How To Master The Fine Art Of Barbecuing, According To Top Chefs

Make sorry sausages and burnt burgers a thing of the past

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Being able to man the barbecue on one of those rare British summer days is, cliched as it may be, a source of culinary pride for many; one that involves an intuitive approach to grilling and years of blackened trial and error... there's always a few "rare" chicken drumsticks along the way, aren't there?

But even if you'd consider yourself a pro when it comes to firing up the old meat pitt, it's never a bad thing to take a few pointers from those who are really in the know. Like chefs.

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Top, top chefs.

Jamie Oliver on the virtues of a 'herb brush'

Jamie Oliver: Loves his wife, hates E numbers and knows how to innovate when it comes to a barbecue.

While it's easy to think that all you need to create the perfect summer feast is you, some tongs and a charcoal 'cue (much better than gas, but you already knew that), one thing you might not know about is the ingenious herb brush.

"All you need is a selection of sturdy, woody herbs like rosemary, sage, bay leaves, oregano or thyme, a wooden spoon and some string or twine," says Jamie, before dipping your new herb brush in olive oil and using it to spread delicious oil and herb flavour wherever you please... hopefully on the meat.

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The Ginger Pig on having a hot side

The trendiest butcher shop in all the land, it's safe to say The Ginger Pig knows a thing or two about providing and cooking quality meat; knowledge that extends to perfecting the temperature of your barbecue.

"Once your coals are burning white", they write "stack more up on one side and have a very thin spread on the other.

"This means you can sear meat quickly on the hot side, but cook slowly on the cooler side. No more blackened outside and raw insides!"

Mark Hix on the perfect barbecue steak

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Finding the perfect cut of steak for al fresco cooking is a point of contention for many an amateur barbecue master, but allow former Esquire food columnist Mark Hix to set you straight: it's a 800g–1kg porterhouse, which incorporates both the fillet and the sirloin and is ideal for sharing.

According to Mark, "Very little needs to be done to a steak like this, just nicely seasoned with sea salt and coarse-ground black pepper then onto a barbecue for maximum flavour for 4-5 minutes on each side." Make sure you carve it at the table for maximum effect.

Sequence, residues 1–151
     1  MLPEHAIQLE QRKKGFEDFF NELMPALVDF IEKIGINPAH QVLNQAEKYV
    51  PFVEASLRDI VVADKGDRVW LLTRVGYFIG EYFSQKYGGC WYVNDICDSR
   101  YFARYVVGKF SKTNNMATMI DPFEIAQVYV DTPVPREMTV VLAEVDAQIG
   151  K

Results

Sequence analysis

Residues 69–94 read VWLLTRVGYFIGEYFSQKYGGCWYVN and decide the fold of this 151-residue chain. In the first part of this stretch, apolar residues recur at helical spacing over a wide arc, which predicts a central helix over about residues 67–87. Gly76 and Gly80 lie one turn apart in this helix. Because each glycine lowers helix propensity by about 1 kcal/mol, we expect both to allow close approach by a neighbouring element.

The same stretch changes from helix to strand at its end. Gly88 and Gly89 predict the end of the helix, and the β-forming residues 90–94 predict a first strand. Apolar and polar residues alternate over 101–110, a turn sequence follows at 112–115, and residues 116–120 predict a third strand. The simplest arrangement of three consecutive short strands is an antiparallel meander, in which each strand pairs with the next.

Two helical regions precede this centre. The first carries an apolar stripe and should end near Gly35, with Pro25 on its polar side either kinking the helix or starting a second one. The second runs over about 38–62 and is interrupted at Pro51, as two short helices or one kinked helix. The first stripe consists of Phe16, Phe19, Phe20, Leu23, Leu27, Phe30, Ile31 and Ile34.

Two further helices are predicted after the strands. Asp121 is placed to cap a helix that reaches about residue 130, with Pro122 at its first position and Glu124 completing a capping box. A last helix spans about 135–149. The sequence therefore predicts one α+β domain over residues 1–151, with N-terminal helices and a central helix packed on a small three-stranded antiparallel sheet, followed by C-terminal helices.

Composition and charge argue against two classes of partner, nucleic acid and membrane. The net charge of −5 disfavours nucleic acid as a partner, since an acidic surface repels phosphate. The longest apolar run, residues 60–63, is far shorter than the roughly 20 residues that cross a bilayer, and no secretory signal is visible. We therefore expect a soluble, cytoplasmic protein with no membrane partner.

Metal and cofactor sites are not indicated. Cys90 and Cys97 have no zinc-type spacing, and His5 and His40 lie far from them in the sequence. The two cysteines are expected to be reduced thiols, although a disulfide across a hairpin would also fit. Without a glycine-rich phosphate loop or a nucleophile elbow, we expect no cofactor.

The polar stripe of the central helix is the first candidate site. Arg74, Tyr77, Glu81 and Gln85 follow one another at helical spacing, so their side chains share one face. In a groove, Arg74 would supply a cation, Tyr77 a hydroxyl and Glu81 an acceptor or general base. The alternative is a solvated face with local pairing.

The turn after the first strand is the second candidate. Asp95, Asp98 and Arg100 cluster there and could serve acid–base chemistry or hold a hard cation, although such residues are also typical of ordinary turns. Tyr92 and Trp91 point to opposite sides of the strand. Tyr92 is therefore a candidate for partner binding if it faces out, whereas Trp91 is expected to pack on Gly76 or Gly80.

Anthony Bourdain on staying patient

One of the easiest traps to fall into when in charge of the barbecue is to panic and mess around with the goods by prodding, poking or prematurely slicing into it, a particular bug bear of traveller, author and chef Anthony Bourdain, who writes...

"Don't poke your meat with a fork. Use tongs to move it.

"Don't ever press meat with a spatula to speed up cooking. That's the good stuff you're squeezing into the coals! Be gentle!"

"And don't peek—meaning, don't cut into the steak to check its progress."

Richard Turner on the three ways to cook

The man behind Hawksmoor and Pitt Cue, Richard Turner knows his stuff when it comes to the cookout. Allow him to explain the three ways you can cook over a live fire, as told to Esquire... that's us!

  1. Direct, which is how you grill steaks, straight over coals. So the coals are underneath the griddle, and you put the steaks on top of the griddle, which is how everyone grills in this country.
  2. Indirect, where you move the coals over to one side and you cook off to the side so it hasn't got direct heat and it cooks much slower. And you use that for muscles that work hard and have a lot of cartilage and connected tissue in them, like shoulder and pork butt (which is another name for shoulder) and leg and stuff. So you cook at a lower temperature and it becomes very tender and starts falling apart after a lot of hours.
  3. Finally, there's a method called clinching, which is straight into the coals or on the wood, which closes down the oxygen between the flame and the meat so it doesn't actually burn – it just gives it an intense caramelisation around the outside, and it's totally delicious. You have to bang it a big to get rid of the ash, but ash is perfectly edible, just looks a bit messy. And it's a great way of cooking.